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Is it possible to put together a computation expression builder that can sequence two or more expressions without putting do! in front of each one?

If I've read the relevant section of the manual correctly, this should be possible through the builder's Combine method. However, my Combine method doesn't appear to be used; instead, I get a compiler warning suggesting that I use ignore to discard the result.

For instance, given an F# State monad, I'd like to be able to do this:

let hello who = State (fun lines -> lines @ [sprintf "hello %s" who])
let m = state {
    hello "world"
    hello "F#"
}
let l = Execute m []
// l should now contain ["hello world"; "hello F#"]
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2 Answers 2

up vote 5 down vote accepted

In addition to what Dario wrote, you cannot redefine the usual sequencing to behave as monadic do! (even if you decided not to support non-monadic operations in your computations). The problem is that usual sequencing isn't handled in any special way by the translator, so there is no interception point that you could use. Your example will be translated like this:

let m = state.Delay(fun () ->
  hello "world"
  hello "F#"
  state.Zero())

The call to hello is not wrapped into any member call that could be redefined.

In an earlier version of F# sequencing used to be translated to calls to Let member like this:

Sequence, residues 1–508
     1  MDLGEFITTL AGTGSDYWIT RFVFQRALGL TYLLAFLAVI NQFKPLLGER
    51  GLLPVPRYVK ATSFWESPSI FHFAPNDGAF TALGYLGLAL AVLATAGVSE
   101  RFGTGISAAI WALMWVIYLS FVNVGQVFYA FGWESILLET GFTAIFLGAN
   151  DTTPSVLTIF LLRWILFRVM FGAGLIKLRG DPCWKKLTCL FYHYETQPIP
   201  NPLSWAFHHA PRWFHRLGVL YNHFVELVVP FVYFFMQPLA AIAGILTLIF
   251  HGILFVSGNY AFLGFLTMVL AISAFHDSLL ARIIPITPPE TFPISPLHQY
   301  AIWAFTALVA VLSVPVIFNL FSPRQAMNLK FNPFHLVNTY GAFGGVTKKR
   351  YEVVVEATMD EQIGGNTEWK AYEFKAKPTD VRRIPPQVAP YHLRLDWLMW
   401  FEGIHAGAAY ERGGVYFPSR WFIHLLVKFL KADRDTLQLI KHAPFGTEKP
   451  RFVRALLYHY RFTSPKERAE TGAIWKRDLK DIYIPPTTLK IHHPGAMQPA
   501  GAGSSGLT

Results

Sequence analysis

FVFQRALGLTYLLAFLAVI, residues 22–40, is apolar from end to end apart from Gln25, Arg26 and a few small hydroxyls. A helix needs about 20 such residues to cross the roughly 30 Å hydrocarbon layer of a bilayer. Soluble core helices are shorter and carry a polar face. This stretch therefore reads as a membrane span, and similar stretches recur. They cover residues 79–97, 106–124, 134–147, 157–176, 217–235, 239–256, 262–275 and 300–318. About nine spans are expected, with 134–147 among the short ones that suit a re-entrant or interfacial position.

let m = state.Delay(fun () ->
  state.Let(hello "world", fun _ ->
    state.Let(hello "F#", fun _ -> 
      state.Zero())))

So it was possible to do what you wanted, but it cannot be done in the current version (I believe one reason was that this adds too much wrapping which hurts the performance).

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3  
Thanks - I must have been thinking of the way this worked in the earlier betas. In which case, what's the purpose of the Combine method? Its signature (a : M<unit>, b : M<T>) -> M<T> suggests that its purpose is 'do a then do b'. –  Tim Robinson Jan 4 '11 at 9:35
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No, because that's what regular do is for. If you want monadic do, i.e. do!, you have to be explicit. Example:

let m = state {
    printfn "World"
    hello "World"
    return 42
}
  • The printfn expression is of type unit, and there is a do printfn implicit.
  • And in the hello case? We'd need monadic binding!

Now how would the compiler know what to choose, do or do!? Maybe by types (Scala does this), but right now, it doesn't. So it just assumes a regular do anywhere.

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